Quite a few of the works at Phillips are appropriately from her most recent series, titled “Radiant Crown.” These appeared—through the unconscious and mysterious processes by which the artist’s mind necessarily gifts the artist with meaningful images—while she was thinking about, and hoping to understand, the ways humans connect to each other, communicating through “neural synchrony, body language, empathy, telepathy, and duality.” That these avenues can be genuine is shown by comparing “Wishing,” in which a couple who have their backs turned to each other are connected by the union of their crowns, with the increasingly familiar images of a pair of Performance artists who have braided their hair together to force themselves to cooperate. Surely romantic love, or even lust, is one of the more demanding collaborations in life.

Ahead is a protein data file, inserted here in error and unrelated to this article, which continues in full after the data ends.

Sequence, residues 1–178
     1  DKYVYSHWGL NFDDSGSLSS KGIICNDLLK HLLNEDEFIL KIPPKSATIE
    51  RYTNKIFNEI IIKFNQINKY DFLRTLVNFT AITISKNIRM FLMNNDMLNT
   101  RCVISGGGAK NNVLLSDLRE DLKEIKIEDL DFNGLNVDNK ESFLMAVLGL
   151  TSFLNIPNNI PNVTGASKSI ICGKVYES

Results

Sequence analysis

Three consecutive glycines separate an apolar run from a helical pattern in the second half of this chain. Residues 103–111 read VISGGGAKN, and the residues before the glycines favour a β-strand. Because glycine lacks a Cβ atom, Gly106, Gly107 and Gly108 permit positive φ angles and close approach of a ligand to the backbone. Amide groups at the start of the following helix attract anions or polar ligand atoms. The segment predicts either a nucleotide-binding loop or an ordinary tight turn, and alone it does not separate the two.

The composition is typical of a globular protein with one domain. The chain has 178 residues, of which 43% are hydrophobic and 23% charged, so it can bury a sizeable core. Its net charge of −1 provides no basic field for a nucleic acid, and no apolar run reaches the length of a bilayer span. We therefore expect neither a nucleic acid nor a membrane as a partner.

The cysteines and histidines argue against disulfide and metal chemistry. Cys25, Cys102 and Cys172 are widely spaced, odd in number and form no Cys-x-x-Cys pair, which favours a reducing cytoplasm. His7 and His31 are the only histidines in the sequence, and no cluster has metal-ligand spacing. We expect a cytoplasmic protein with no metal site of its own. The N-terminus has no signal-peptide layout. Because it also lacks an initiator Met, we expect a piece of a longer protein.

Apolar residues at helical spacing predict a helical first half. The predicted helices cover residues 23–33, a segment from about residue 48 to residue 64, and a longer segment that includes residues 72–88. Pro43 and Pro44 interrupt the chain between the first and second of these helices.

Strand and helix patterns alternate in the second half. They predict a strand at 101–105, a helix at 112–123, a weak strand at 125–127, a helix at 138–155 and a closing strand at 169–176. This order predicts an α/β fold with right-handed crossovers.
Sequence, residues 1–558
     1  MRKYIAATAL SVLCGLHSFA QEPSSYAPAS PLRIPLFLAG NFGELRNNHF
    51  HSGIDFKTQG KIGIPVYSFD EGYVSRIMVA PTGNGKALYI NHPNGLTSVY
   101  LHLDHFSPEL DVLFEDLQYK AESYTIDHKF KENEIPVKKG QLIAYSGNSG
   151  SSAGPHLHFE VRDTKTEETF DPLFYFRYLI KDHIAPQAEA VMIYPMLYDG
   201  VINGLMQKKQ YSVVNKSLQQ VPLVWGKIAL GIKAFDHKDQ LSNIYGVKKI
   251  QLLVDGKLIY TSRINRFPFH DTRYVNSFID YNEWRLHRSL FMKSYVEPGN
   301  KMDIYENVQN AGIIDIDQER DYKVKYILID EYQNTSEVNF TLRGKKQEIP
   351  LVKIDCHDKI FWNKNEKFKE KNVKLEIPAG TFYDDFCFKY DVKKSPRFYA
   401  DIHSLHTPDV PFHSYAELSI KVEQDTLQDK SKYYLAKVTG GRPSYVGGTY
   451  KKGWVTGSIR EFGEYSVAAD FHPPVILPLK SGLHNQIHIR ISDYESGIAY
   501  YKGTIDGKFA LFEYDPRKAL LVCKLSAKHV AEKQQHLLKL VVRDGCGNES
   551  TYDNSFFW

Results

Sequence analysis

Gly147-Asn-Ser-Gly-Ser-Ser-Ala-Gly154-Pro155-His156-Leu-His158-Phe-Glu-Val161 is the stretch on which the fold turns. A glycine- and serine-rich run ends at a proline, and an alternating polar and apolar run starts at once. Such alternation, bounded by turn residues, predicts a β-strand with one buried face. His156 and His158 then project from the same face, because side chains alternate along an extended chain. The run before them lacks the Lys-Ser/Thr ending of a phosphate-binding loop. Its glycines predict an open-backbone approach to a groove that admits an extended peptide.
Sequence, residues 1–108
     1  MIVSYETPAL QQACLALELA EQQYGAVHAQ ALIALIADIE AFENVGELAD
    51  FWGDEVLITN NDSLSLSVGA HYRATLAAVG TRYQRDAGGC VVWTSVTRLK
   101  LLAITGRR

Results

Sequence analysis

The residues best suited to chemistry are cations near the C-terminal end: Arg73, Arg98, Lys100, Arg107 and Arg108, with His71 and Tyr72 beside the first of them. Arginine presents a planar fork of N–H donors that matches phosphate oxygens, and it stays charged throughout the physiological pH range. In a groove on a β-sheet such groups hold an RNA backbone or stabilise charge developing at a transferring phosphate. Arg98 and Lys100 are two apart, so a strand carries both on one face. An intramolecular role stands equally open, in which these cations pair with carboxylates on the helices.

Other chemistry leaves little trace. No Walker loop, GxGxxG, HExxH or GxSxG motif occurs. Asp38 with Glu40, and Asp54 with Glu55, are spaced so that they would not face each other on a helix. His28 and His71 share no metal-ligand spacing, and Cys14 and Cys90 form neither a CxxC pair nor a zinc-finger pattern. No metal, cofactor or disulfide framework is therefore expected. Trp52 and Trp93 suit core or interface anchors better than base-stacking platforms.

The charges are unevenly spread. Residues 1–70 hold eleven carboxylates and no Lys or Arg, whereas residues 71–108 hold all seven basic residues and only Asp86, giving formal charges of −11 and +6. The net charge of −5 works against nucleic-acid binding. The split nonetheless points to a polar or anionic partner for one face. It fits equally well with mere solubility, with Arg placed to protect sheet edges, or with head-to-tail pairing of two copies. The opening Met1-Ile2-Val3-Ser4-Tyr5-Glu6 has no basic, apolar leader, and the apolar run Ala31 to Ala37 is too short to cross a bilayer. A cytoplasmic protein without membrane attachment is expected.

It would be a mistake, of course, to conclude that all Blake’s images are visual tropes; some are also, or are exclusively, metaphorical. The two heads in “Two For Tonight” have something in common, but it might just as well be a role they share: consecutive dates, say, or some other psychic connection. The difference in their hues might be an intervention by the artist, or perhaps a gift from the collage gods, but it surely means something.